We know, we know: there's too much choice these days. You can't just sit down and watch a movie because there are too many to choose from, so you just spend hours scrolling through potential films and then go to bed.
Not now, you don't - everything on this list is worth watching. And we know, because we've watched them all. The lengths we go to keep you guys happy, eh...
Of course to watch the films and TV shows here you'll need an Amazon Prime Video subscription. Come on, you didn't think it was going to be free, did you?
You're also going to need a player that supports it. Take your pick from any of the following: Roku players, Google Chromecast, Sony PlayStation, Microsoft Xbox One and of course Amazon Fire TV and Amazon Fire Stick. Or maybe you have an Amazon Video app built into your smart TV.
If you’ve never seen The Wachowskis’ modern sci-fi classic, drop what you’re doing and “jack in” (not being rude, honest) to Prime Video right now: this isn’t just a great action flick, it’s packed with cultural touchstones and iconic moments and still looks amazing over two decades after it came out.
Keanu Reeves plays hacker Neo, an office-bound drudge who finds himself drawn into a reality-shattering adventure full of flying bullets, mind-blowing martial arts sequences and some early CGI that doesn’t look like absolute rubbish (the same can’t be said for the effects in the disappointing but larger-budgeted sequels, strangely enough). Whoa!
Leave No Trace
This is another memorable indie gem from Winter’s Bone director Debra Granik. Suffering from PTSD, war veteran Will camps out with his 13-year-old daughter Tom in a huge park on the outskirts of Portland, Oregon. Living off the grid and staying hidden in the forest, the pair avoid other people as much as possible – but can’t hide from the modern world and its pressures forever.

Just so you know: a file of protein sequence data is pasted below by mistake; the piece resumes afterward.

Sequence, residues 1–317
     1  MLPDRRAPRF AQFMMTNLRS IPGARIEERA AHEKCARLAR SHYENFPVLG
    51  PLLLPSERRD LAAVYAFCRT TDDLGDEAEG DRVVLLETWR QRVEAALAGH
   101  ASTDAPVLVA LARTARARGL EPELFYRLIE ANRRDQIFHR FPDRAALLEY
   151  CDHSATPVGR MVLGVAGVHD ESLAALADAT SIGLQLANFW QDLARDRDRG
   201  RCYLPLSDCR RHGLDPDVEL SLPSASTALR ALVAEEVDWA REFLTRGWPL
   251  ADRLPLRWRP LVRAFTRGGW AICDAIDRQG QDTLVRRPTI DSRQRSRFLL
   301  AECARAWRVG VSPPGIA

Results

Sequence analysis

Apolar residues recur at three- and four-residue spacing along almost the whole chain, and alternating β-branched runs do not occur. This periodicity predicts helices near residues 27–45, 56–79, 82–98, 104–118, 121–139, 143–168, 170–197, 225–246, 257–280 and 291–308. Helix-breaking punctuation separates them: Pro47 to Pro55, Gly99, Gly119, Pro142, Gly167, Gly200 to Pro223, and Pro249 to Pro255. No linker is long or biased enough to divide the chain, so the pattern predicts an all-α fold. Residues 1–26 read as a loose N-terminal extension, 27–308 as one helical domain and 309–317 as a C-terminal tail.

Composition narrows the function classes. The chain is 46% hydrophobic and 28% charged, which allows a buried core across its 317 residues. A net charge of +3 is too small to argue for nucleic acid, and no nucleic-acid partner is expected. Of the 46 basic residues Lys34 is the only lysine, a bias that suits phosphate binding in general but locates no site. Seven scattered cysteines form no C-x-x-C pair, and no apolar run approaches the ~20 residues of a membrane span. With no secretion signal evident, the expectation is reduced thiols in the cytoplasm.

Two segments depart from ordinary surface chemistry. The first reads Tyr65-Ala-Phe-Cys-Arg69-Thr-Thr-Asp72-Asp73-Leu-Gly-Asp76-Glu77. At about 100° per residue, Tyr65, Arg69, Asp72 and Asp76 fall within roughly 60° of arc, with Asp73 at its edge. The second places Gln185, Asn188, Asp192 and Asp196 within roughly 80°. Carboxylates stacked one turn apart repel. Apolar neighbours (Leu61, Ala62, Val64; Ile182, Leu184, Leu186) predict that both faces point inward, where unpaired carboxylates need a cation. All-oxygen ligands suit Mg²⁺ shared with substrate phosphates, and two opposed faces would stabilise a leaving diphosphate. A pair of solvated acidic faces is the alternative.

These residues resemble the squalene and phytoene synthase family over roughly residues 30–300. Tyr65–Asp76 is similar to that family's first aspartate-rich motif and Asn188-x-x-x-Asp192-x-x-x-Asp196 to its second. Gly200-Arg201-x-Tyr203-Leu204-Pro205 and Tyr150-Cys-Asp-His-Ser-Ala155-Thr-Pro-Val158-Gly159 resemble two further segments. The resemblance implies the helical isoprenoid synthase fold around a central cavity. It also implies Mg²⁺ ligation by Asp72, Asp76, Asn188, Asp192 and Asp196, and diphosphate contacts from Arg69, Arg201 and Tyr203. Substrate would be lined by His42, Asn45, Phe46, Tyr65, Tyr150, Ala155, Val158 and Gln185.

Despite moving along in a gently naturalistic, meandering fashion, Leave No Trace is a powerful story of love and survival with superb performances from Ben Foster and Thomasin McKenzie. But don’t take our word for it: it’s currently the most-reviewed film on Rotten Tomatoes to hold a critics’ approval rating of 100 percent.
Writer-director Rose Glass’s startling debut is presented as a psychological horror movie – but might better be viewed as an exploration of loneliness and its dangers.
Young born-again Christian Maud is a private palliative nurse, assigned to a cancer-stricken former dancer after leaving her previous job under a cloud. As she becomes closer to her new charge, she is told her purpose is not only to ease her pain, but save her immortal soul – but are the voices she hears actually God or something more sinister?
Emerging from a shallow (and somewhat premature) grave, trapper Hugh Glass sets out on the long, icy journey towards revenge, evading marauding Native Americans, foraging for sustenance and performing gruesome self-surgery in a series of incredible sequences. Alejandro González Iñárritu’s direction and the flawless camera work help the viewer feel every moment of Glass’ struggle to survive.